• Proven Frameworks & Methodologies: They come with established methods that are tried-and-tested, reducing the trial-and-error approach that can be costly in both time and resources.

2. Risk Mitigation:

  • Avoid Common Pitfalls: They can guide you past frequent mistakes and obstacles in cloud development, from both technical and business perspectives.
  • Security Best Practices: Experienced partners will have security best practices ingrained in their processes, reducing the risk of breaches or vulnerabilities.
  • Regulatory Compliance: They will be aware of standard regulations across industries and can ensure that your software meets the necessary requirements.

3. Time & Cost Efficiency:

  • Faster Time-to-Market: With an experienced team, development can proceed more efficiently, allowing for a quicker launch.
  • Budget Adherence: A partner familiar with the intricacies of cloud development can provide more accurate budget estimates and stay within them.
  • Resource Allocation: They can optimize the use of resources, reducing wastage of time and manpower.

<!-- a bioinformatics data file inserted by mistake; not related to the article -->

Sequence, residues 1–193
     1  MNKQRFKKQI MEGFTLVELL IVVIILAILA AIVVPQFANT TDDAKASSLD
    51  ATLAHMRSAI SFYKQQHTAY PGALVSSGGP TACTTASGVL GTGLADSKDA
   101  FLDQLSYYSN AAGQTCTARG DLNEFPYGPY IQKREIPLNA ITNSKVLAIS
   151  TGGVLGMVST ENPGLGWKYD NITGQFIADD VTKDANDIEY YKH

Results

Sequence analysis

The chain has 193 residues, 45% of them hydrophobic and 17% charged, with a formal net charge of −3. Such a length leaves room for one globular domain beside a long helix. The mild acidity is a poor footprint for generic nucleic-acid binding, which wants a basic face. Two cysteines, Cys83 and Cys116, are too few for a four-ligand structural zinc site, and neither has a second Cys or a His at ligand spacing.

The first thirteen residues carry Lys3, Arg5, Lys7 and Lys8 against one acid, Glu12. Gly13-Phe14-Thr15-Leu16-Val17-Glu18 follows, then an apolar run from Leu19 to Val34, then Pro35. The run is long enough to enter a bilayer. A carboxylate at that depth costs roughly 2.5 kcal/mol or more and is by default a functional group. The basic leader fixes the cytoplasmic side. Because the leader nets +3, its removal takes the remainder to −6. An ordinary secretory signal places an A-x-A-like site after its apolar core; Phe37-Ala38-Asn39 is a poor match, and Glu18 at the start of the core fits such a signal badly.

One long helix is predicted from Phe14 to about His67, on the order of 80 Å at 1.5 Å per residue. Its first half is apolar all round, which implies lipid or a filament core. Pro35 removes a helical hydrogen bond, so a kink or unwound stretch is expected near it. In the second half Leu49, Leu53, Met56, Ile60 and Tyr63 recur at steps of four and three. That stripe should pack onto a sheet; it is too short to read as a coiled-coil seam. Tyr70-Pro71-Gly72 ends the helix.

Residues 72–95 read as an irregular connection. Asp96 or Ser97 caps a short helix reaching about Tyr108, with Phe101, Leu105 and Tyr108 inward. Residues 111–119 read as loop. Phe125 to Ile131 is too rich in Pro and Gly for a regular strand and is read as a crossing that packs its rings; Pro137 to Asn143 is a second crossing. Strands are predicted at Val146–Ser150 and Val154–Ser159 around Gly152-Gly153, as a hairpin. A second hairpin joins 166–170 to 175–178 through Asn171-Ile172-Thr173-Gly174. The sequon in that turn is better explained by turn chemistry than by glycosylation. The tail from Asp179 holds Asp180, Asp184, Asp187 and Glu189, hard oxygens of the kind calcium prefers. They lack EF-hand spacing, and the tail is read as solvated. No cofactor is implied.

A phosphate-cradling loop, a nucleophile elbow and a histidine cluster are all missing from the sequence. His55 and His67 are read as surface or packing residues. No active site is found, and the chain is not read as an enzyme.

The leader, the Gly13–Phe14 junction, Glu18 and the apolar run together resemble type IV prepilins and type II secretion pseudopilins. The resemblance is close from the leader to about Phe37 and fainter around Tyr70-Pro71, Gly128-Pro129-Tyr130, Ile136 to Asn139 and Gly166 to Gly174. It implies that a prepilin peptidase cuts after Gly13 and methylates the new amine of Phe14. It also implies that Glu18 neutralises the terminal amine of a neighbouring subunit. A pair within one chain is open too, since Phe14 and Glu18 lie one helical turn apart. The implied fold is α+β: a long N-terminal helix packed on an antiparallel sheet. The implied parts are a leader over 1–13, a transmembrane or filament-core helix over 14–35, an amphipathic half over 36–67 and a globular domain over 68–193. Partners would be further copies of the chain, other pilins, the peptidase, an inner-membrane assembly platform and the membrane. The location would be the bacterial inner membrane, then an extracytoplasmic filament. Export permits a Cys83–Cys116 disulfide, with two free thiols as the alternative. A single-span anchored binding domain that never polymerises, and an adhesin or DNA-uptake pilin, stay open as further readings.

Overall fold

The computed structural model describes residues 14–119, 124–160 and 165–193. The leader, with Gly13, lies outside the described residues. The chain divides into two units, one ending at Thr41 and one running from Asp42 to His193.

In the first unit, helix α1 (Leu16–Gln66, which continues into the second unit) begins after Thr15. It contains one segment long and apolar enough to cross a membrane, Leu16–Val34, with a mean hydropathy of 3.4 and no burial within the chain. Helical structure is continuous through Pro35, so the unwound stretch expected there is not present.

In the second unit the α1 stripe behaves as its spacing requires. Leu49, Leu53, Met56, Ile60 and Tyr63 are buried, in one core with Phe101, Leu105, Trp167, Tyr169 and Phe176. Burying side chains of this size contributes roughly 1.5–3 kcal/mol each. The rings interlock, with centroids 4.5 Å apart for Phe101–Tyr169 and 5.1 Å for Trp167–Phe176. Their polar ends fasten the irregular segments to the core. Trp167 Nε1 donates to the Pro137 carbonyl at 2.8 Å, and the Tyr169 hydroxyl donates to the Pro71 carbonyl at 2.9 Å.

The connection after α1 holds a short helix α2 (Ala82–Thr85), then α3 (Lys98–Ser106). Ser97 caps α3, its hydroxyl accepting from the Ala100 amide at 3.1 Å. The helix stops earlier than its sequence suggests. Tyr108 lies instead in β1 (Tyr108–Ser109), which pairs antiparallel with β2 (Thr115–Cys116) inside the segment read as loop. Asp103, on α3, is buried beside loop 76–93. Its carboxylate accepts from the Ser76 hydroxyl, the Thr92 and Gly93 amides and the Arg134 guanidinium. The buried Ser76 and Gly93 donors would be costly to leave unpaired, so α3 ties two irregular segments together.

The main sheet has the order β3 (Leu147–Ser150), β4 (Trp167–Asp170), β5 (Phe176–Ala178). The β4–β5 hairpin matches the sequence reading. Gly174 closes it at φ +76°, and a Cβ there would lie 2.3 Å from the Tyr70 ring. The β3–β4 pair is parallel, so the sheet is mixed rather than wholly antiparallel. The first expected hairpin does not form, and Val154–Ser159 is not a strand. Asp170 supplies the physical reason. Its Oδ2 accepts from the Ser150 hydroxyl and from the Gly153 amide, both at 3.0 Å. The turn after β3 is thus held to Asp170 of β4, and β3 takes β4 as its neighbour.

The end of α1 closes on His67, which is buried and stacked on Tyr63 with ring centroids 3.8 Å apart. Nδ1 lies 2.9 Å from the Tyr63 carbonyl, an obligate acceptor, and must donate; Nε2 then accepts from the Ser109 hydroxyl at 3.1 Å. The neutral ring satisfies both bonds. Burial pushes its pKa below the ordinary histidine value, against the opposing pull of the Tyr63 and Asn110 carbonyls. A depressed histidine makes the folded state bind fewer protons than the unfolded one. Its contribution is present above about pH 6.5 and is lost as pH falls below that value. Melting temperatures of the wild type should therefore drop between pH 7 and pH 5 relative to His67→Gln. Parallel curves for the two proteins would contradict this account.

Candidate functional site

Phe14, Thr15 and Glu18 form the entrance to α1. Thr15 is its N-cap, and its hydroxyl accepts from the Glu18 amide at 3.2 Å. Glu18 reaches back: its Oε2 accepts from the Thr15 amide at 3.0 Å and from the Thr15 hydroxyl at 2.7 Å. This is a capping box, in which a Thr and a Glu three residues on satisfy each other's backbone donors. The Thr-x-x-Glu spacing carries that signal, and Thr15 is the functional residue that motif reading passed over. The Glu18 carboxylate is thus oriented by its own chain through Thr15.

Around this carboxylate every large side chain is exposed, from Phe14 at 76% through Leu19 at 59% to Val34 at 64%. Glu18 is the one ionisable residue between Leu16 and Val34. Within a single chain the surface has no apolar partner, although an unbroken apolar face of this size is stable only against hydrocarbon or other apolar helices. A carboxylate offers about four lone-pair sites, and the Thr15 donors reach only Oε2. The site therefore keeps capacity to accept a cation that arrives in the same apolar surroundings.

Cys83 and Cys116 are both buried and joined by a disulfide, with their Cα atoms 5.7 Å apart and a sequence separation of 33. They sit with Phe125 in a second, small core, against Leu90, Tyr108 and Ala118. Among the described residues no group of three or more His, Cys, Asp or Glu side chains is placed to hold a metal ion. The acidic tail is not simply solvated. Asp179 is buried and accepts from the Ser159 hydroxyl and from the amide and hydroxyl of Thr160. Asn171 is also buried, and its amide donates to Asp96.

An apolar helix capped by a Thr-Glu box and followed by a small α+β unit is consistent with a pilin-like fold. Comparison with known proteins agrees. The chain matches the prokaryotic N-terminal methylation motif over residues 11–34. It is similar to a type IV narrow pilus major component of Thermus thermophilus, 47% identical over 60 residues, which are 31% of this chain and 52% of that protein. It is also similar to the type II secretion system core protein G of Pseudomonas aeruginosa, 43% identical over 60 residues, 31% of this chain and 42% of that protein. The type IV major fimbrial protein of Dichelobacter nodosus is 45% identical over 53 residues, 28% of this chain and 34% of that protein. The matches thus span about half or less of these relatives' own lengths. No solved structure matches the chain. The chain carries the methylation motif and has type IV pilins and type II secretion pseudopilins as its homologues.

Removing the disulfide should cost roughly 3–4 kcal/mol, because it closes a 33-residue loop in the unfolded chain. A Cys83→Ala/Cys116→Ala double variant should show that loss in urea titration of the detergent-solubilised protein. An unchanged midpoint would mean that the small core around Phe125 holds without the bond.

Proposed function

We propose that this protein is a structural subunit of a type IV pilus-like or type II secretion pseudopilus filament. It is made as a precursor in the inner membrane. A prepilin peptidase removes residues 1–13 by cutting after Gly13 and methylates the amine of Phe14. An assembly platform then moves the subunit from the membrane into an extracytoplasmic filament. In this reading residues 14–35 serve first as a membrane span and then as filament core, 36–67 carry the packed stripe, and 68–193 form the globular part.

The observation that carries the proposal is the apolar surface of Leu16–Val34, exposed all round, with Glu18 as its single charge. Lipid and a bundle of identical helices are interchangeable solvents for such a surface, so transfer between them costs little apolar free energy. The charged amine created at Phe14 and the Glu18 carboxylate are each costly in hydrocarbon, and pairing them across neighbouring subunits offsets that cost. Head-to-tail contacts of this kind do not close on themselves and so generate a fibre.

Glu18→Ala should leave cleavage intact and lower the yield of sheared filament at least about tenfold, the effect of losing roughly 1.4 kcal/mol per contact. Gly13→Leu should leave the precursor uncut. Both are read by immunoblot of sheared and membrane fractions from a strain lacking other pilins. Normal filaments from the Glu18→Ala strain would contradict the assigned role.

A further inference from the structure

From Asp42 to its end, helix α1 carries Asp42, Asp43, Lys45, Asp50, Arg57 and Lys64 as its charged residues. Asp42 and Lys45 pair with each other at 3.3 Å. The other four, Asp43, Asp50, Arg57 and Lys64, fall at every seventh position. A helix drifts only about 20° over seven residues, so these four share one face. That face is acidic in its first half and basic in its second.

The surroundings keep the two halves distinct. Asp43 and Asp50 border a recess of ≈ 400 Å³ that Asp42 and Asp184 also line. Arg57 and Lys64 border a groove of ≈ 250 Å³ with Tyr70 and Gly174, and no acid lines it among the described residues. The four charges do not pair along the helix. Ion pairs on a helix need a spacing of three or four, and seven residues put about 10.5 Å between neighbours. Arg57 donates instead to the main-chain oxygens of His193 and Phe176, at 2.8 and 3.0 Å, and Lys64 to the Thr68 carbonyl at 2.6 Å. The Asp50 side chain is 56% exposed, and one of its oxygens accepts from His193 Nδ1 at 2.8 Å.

4. Scalability & Performance:

  • Future-Proofing: Experienced developers can build software that’s scalable, catering to both current needs and future growth.
  • Optimal Performance: They can ensure that the software performs at its best, providing a positive user experience.

5. Training & Support:

  • Skill Transfer: Many partners also provide training, ensuring that your in-house team can manage and maintain the application effectively post-deployment.
  • Ongoing Support: They can offer post-launch support, making sure the software continues to function optimally and adapting as needed.

6. ROI Realization:

  • Positive User Adoption: A well-executed project will see higher user adoption rates, directly affecting ROI.
  • Competitive Edge: Efficiently built cloud software can provide you with an edge over competitors.
  • Cost Savings: While there’s an initial outlay in hiring a partner, the savings from avoiding mistakes, rework, and delays can be substantial in the long run.
  • Revenue Generation: A successful cloud software can open up new revenue streams, be it from improved customer service, new features, or entering new markets.

In essence, the ROI of working with an experienced partner goes beyond monetary aspects. It includes the assurance of quality, security, and reliability, combined with the peace of mind that your project is in capable hands. This partnership can be the difference between a cloud software initiative that flounders and one that delivers tangible business results.